By Stephen Kaduuli |
When it comes to refugee rights, we need a government that is transparent, that listens and cares, and that is cooperative with other parties.
Refugees resettled in Canada are expected to cover the costs associated with transportation to their new home. To help them afford this, the federal government’s Immigration Loans Program provides the funds upfront, and then collects repayment over time once refugees have arrived in Canada.
Upholding Refugee Rights CPJ envisions a world in which individuals, societal institutions and governments all contribute to and benefit from the common good. We strive to bring about public justice and promote human rights. This framework is particularly imperative when working on issues that surround the treatment of refugees. All refugees are immigrants, but not…
In its spring budget, the Ontario government cut Legal Aid Ontario (LAO) funding by $133 million and said it will no longer provide provincial funds for refugee and immigration cases. LAO is mandated to promote access to justice for refugee claimants among other vulnerable Ontarians. The cuts would mean that claimants would have been denied…
Access to justice, particularly for the most vulnerable persons in society, is a key issue in policy debates in Canada. Refugees are persons who have fled from traumatizing circumstances and need the legal system to facilitate the establishment of their refugee claims. Photo by witwiccan is licensed under CC BY-NC-SA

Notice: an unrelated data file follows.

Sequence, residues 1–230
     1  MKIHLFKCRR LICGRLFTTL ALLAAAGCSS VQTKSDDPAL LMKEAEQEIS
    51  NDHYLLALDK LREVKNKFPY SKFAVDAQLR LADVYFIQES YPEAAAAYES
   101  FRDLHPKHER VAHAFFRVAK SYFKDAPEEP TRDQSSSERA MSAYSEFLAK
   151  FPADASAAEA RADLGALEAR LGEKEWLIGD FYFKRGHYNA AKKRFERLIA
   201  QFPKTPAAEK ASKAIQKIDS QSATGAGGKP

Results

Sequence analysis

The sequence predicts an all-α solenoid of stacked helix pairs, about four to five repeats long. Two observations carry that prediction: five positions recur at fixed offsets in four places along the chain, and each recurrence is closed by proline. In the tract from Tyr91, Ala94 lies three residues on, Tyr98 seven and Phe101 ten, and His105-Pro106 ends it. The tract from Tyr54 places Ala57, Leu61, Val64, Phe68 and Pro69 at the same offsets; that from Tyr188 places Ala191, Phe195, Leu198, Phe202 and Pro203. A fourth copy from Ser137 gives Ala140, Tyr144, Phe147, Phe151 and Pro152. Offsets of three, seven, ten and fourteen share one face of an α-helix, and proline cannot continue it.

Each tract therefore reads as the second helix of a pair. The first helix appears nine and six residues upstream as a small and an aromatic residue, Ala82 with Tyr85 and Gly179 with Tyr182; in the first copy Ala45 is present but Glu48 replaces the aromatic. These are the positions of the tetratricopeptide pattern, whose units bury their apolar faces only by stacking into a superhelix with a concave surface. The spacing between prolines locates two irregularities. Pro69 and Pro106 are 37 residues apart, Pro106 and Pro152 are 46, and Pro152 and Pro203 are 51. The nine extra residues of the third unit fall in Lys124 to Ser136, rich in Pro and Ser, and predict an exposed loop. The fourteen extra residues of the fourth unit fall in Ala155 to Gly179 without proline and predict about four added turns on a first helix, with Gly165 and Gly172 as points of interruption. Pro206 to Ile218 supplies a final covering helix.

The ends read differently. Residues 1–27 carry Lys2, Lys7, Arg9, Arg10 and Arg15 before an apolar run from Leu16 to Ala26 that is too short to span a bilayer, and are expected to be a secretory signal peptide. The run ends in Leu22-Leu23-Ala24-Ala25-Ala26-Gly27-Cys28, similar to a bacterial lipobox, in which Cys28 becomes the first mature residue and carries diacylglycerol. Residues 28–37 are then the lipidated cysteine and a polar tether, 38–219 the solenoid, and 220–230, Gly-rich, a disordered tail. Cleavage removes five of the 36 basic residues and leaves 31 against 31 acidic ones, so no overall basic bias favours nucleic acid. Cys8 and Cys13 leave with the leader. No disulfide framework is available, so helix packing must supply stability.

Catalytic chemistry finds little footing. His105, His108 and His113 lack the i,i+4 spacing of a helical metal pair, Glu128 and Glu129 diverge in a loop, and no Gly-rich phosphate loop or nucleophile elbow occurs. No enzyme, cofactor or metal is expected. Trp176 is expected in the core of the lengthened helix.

The Trump administration announced new immigration rules ending asylum protections for almost all migrants who arrive at the US-Mexico border. The changes are likely to have a domino effect on Canada with which the US signed the Safe Third Country Agreement (STCA) in 2004. It is time for Canada, as a world leader in refugee rights protection, to end the STCA.
Thousands of black Africans are fleeing armed conflict, persecution or severe economic hardship hoping to reach Europe for better lives. Their journey usually begins with a trek through deserts to Libya. Then, they proceed for the Mediterranean Sea on unseaworthy boats to Europe. However, many of them end up in overcrowded detention centers, run by smugglers, where they are traded as slaves.